In the area of the old Saxony Duke
Moritzburg Travel Blog› entry 3 of 117 › view all entries
I had never heard about Moritzburg when I booked the hotel on the internet the day before i left for Germany. I was just searching for a reasonable hotel to a reasonable price and then the hotel in Moritzburg popped up. Moritzburg is a very small village which was famous for the castle.
Schloss Moritzburg is a Baroque German castle in the small town of Moritzburg in the German state of Saxony. It was built from 1542–1546 as a hunting lodge for Duke Moritz of Saxony.
The chapel was added between 1661 and 1671 after designs by Wolf Caspar von Klengels and is a fine example of the early Baroque style. Between 1723 and 1733, the castle was remodelled as a pleasure seat with Formal Park for Augustus II the Strong, elector of Saxony and king of Poland by the architects Matthäus Daniel Pöppelmann and Longeloune.
The displays of many areas within the castle are dedicated to the courtly art of formal hunting. The collection of red deer antlers is considered to be the largest in the world. In the Monströsensaal ("Monstrosity Room") are 39 morbidly contorted antlers, one of them the famous 66-point antler. The Elector's apartments contain wonderful examples of lacquer and splendid parade furniture, the silver furniture made in Augsburg in emulation of Louis XIV's silver furniture at Versailles, and Chinese, Japanese and Meissen porcelain as well as fine engraved and inlaid hunting weapons. In the Stone Hall one can visit the antlers collection, in the Billiardsaal (billiards hall) a painting of Louis de Silvestre, and in the entrance hall a collection of Galakut.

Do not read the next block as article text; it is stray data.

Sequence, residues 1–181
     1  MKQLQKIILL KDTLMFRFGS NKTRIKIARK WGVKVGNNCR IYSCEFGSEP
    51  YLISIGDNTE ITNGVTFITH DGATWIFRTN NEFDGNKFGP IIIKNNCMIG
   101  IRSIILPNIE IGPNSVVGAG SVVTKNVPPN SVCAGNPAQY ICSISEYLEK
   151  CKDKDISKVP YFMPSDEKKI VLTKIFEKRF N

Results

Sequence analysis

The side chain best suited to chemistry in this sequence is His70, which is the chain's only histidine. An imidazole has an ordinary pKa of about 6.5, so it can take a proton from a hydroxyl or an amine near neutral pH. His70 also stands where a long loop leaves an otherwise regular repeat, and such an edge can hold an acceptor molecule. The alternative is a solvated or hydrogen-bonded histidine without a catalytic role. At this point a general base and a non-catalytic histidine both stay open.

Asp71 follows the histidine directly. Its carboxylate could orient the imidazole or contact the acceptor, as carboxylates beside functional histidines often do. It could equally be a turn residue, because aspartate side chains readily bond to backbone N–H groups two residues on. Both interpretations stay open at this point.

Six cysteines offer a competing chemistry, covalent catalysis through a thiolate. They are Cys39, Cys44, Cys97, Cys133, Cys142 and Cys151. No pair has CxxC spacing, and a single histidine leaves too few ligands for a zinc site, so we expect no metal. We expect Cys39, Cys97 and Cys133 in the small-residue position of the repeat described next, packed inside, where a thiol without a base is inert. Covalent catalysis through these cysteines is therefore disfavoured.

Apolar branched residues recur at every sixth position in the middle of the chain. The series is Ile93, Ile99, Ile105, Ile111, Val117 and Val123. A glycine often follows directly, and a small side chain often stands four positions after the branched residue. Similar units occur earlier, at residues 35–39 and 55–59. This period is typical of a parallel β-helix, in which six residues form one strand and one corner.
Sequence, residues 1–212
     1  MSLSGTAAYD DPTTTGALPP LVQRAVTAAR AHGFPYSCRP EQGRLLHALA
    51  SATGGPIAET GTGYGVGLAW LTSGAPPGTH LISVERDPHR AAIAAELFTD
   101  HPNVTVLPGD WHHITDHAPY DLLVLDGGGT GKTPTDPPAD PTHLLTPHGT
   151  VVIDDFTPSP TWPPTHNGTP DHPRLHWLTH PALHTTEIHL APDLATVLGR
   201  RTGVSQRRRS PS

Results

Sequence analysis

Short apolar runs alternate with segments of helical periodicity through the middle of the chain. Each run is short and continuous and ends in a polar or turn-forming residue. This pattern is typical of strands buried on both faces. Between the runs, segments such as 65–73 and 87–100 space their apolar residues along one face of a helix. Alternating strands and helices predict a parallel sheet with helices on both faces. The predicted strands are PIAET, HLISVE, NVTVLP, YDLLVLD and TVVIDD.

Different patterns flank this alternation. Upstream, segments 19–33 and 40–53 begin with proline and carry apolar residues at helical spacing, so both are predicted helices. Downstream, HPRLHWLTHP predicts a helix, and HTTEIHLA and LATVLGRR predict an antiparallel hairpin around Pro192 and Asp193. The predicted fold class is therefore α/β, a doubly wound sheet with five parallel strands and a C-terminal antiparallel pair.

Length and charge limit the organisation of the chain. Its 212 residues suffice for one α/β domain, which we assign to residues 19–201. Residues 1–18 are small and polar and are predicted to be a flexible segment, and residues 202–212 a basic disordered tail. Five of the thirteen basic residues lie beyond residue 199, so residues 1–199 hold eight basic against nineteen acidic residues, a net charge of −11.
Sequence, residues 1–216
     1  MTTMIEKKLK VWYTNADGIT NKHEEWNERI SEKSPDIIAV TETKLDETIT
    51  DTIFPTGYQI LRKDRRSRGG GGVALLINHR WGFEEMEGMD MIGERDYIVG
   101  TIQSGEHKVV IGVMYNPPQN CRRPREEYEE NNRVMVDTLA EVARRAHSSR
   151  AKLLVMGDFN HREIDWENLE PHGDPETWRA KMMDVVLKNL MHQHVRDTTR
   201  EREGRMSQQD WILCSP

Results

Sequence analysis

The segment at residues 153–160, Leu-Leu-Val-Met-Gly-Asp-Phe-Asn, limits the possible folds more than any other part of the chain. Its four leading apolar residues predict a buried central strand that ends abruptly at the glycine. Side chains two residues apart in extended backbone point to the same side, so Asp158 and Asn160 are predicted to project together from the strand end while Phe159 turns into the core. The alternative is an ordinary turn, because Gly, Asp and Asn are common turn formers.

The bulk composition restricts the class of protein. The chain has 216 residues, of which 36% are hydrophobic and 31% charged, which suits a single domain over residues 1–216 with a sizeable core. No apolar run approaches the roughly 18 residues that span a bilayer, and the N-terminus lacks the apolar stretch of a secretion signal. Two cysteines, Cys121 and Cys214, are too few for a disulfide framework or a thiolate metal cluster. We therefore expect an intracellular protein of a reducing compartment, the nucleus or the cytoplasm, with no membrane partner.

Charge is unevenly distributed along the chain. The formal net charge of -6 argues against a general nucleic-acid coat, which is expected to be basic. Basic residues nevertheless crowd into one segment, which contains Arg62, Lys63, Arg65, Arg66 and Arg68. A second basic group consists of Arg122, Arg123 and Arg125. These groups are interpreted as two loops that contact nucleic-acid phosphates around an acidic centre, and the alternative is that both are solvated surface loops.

The shell-pink Fasanenschlösslein ("little pheasant castle") in the park stands at the end of a cross axis to the main axial entrance route leading to the main castle on its formal island in the lake. It stands high and cubical, five bays wide on each face, under a high roof with an ogee profile that is capped by an open cupola that has a pair of Chinese figures under a parasol for a finial. On its garden side, paired staircases descend to a sunken parterre, now planted with turf. The design was commissioned from Johann Daniel Schade (1730-1798) who had been the architect in charge of the royal building projects, and was completed about 1776. An old pavilion by Knösswel was completely rebuilt on its foundations. Its outbuildings, concealed behind plantings to give the pavilion an isolated air, were bird breeding pens, where pheasants were raised to be shot at. Closed for some time for renovation, the Fasanenschloss was expected to reopen in 2007 as a museum showing court life but it will now be this summer.